Maybe it’s just me, but it feels as if the metalcore spirit of decades past is gleefully haunting us once again. I’m sure some of you may read the term “metalcore” and consider it a genre slur of sorts, especially in relation to its early-mid aughts strains. If you do, I could tell you that this band is not for you, but then you’d miss out on the wholesome heaviness that Sanction’s music contains. To wit, Sanction are heavy with a purpose, a desire to resurrect a bygone sound, versus bands that are heavy out of stylistic need. On their last EP, With Blood Left Uncleansed this Long Island quintet unchained a vicious metalcore EP blessed with an uncanny sense of serrated melody and crushing admiration for the acts of yore. Sanction, as an entity, are as unapologetic as their sound, declaring with pride and humor on social media their adherence to the teachings of metalcore and deathcore (gasp!)
Photos by Jessica Tyler
There it is, another alleged slur. To be fair, a considerable amount of the assembly line of disposable music considered deathcore is, to be succinct, trash. Yet every genre has its roots where artistic integrity took precedence over contractual fulfillment and yes, even deathcore had such a moment. These early moments included Suicide Silence’s self-titled debut, Job for a Cowboy’s Doom, Elysia’s Masochist and even the Nickelback of heavy music, Emmure, had their early decency. Throughout these releases, each a decade or more old at this point, there were passages of brilliance that the metalcore genre on its own had yet to mine. While much of those bands’ later discographies went to shit, we now have younger bands digging into those earlier entries for what made them best; a raw yet articulate sound with a goal to be as brutal as inhumanely possible. Sanction’s second EP, The Infringement of God’s Plan is such a work, calling upon the best of those aforementioned bands in addition to On Broken Wings, 7 Angels 7 Plagues and Martyr A.D. among even earlier bands.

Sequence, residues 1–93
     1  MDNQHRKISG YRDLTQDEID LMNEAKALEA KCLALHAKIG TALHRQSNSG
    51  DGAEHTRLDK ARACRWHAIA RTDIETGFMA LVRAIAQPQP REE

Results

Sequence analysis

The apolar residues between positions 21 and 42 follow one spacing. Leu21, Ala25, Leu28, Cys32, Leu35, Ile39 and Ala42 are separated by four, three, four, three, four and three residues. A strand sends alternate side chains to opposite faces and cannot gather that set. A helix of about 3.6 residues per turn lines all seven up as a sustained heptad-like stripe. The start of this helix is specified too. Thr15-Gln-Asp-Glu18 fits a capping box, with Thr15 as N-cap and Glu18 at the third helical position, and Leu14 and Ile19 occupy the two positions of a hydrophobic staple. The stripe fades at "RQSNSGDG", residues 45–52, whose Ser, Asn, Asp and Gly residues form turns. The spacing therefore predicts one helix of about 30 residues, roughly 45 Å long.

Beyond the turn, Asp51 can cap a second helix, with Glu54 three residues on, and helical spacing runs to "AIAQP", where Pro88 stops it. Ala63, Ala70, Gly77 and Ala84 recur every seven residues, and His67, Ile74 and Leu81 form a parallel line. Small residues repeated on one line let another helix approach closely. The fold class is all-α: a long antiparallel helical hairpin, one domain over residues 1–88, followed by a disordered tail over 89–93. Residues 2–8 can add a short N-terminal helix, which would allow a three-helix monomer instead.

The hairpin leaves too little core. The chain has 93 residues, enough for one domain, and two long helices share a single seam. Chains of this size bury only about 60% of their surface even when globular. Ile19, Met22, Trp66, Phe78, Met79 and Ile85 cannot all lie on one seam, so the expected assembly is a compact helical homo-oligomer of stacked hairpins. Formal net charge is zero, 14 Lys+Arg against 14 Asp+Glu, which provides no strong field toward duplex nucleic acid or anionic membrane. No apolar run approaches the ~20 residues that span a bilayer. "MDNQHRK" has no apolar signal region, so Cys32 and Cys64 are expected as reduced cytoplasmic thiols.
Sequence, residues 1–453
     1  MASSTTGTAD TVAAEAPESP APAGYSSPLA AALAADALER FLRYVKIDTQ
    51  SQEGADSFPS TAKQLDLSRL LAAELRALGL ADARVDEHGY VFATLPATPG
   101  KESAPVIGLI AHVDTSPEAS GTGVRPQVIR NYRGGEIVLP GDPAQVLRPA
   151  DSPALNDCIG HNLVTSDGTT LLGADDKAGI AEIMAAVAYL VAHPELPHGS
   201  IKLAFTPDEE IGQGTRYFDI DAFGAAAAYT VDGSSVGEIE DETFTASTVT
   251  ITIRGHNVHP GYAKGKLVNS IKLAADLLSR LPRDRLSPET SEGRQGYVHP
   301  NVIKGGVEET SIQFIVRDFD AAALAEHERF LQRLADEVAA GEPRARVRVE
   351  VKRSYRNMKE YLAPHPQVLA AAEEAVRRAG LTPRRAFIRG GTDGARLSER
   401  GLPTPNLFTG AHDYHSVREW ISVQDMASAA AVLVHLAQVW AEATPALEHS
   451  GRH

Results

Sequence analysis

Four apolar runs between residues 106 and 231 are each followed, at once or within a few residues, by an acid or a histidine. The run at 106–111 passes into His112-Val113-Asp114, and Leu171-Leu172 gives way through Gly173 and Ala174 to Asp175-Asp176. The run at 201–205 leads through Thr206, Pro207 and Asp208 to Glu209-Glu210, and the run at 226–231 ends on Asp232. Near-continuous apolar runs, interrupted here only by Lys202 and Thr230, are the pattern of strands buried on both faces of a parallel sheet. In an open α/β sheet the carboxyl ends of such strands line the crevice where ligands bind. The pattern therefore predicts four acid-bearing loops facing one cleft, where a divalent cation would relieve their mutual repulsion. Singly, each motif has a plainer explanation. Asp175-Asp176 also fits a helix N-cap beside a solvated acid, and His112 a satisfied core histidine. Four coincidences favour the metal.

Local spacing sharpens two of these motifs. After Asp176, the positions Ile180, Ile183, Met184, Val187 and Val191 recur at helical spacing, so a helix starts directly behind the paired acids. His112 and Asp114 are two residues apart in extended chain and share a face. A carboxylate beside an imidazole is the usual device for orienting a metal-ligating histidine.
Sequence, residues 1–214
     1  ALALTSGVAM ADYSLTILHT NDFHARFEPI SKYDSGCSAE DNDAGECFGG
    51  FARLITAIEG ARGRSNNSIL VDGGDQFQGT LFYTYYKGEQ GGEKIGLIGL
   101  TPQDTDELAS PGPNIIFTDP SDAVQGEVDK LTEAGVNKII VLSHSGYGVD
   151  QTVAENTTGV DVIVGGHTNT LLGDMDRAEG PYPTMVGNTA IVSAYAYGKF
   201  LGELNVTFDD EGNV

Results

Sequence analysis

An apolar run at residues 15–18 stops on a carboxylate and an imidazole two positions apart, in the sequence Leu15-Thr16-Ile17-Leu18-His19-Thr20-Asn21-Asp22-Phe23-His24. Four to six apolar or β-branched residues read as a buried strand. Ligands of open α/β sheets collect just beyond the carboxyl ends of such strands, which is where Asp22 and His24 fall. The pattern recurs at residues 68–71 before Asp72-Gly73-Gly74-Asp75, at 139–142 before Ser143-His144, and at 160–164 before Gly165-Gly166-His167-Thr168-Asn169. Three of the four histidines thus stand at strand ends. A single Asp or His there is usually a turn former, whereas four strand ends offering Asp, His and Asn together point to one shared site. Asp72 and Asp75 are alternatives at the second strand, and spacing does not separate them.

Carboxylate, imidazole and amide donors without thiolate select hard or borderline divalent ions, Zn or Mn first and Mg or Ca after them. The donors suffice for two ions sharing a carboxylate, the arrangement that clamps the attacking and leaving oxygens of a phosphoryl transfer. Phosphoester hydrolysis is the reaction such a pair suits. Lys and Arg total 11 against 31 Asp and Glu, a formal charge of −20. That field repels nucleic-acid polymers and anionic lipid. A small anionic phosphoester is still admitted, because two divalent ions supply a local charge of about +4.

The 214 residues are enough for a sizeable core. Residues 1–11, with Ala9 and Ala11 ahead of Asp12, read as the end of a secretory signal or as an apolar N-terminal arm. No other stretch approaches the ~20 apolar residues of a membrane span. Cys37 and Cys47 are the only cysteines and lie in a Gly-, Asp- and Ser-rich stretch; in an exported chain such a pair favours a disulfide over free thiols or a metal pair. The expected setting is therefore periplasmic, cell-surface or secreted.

The cover art, reminiscent of Martyr A.D.’s On Earth As It Is In Hell (among others), serves as the perfect introduction to Sanction’s fresh yet throwback sound spread throughout the EP’s seven tracks. “(1)The Prophet Who Saw Fire” presents wave after wave of breakdown, each attempting to outdo the last with increasing potency. Replete with downtuned guitars that are as melodic as they are bone-breaking, the first track is a bombastic tone setter. Infringement… plays like the missing link between metalcore and deathcore, the prime example being death metal’s low rumble moving in tandem with punk’s riding snare throughout the earlier half of “(2)Sixhundredthirtyone.” “(3)Fixated Upon a Figure” displays those characteristics in full force; a vocal pairing parts both snarl and growl, pitched, brooding chuggery that gives way under the weight of its breakdowns and a spacious snare tempered with urgency. The title track is towering as it rises and falls with calculated malice, a mid-tempo drawing and quartering that’s sure to fracture a skull or two live. To further that sentiment, the track contains a sample of what could only be people being murdered before it explodes with lavish, affectionately-crafted violence.
A fitted sports hat, a pair of gauged ears and ten years ago, a slow, murderous breakdown was the stuff that brought the hardest of moshes. For this kind of music, that kind of unbridled physicality is conducive to the best of live sets and Sanction, from a songwriting standpoint, gets that. There is a longing that permeates Sanction’s releases, a bittersweet, bloodthirsty tone that calls to mind classic bands, doing so with reverence rather than imitation, creating a sound all their own. The Infringement of God’s Plan shows no mercy, a collection presenting a band succeeding where others failed and continuing from where their predecessors triumphed.
The Infringement of God’s Plan is available now on limited CD from Reconsider Records and digitally on Sanction’s Bandcamp. Catch Sanction on tour now with Vein and Buried Dreams. See original flyer and revised dates below.